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World J Orthop. Oct 18, 2013; 4(4): 241-247
Published online Oct 18, 2013. doi: 10.5312/wjo.v4.i4.241
Methods of predicting vertebral body fractures of the lumbar spine
Gurudattsingh B Sisodia
Gurudattsingh B Sisodia, Institute of Medical and Biological Engineering, University of Leeds, Leeds LS2 9JT, United Kingdom
Gurudattsingh B Sisodia, Yorkshire and Humber Deanery, University of Leeds, Leeds LS2 9JT, United Kingdom
Author contributions: Sisodia GB was involved in the conception of this review article, the literature review process and in preparing the manuscript.
Correspondence to: Gurudattsingh B Sisodia, MBChB, BSc, MSc, MRCS, Yorkshire and Humber Deanery, University of Leeds, Willow Terrace, Leeds LS2 9JT, United Kingdom. gurusisodia@doctors.org.uk
Telephone: +44-113-3431557 Fax: +44-113-3431530
Received: June 5, 2013
Revised: July 28, 2013
Accepted: August 17, 2013
Published online: October 18, 2013
Abstract

Lumbar vertebral body (VB) fractures are increasingly common in an ageing population that is at greater risk of osteoporosis and metastasis. This review aims to identify different models, as alternatives to bone mineral density (BMD), which may be applied in order to predict VB failure load and fracture risk. The most representative models are those that take account of normal spinal kinetics and assess the contribution of the cortical shell to vertebral strength. Overall, predictive models for VB fracture risk should encompass a range of important parameters including BMD, geometric measures and patient-specific factors. As interventions like vertebroplasty increase in popularity for VB fracture treatment and prevention, such models are likely to play a significant role in the clinical decision-making process. More biomechanical research is required, however, to reduce the risks of post-operative adjacent VB fractures.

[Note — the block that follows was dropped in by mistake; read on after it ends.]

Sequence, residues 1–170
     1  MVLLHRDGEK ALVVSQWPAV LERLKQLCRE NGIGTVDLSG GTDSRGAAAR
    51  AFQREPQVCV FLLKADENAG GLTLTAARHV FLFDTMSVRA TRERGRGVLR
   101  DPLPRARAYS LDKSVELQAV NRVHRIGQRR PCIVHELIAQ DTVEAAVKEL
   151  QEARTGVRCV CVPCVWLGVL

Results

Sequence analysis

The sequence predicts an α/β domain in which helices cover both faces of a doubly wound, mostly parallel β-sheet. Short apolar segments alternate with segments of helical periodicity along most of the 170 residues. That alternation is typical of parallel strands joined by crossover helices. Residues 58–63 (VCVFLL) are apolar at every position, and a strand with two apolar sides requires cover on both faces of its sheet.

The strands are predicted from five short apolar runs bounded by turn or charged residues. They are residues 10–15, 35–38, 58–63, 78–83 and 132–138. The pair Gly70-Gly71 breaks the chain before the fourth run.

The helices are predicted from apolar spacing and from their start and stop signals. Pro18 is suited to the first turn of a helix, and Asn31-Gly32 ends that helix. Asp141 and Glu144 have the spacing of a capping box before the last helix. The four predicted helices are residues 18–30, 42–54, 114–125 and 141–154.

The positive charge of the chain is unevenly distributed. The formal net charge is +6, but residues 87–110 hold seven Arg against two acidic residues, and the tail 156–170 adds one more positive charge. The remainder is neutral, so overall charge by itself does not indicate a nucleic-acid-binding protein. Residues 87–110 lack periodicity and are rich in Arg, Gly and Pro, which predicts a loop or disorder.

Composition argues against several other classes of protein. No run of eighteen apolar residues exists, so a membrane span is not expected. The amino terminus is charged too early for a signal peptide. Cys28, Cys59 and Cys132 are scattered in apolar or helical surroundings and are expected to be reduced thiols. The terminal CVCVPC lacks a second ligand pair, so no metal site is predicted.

Keywords: Lumbar spine, Vertebral body, Fracture, Prediction, Model, Bone mineral density, Osteoporosis

Core tip: Lumbar vertebral body (VB) fractures are increasingly common in an ageing population that is at greater risk of osteoporosis and metastasis. This review aims to identify different models, as alternatives to bone mineral density (BMD), which may be applied in order to predict VB failure load and fracture risk. The most representative models are those that take account of normal spinal kinetics and assess the contribution of the cortical shell to vertebral strength. Overall, predictive models for VB fracture risk should encompass a range of important parameters including BMD, geometric measures and patient-specific factors.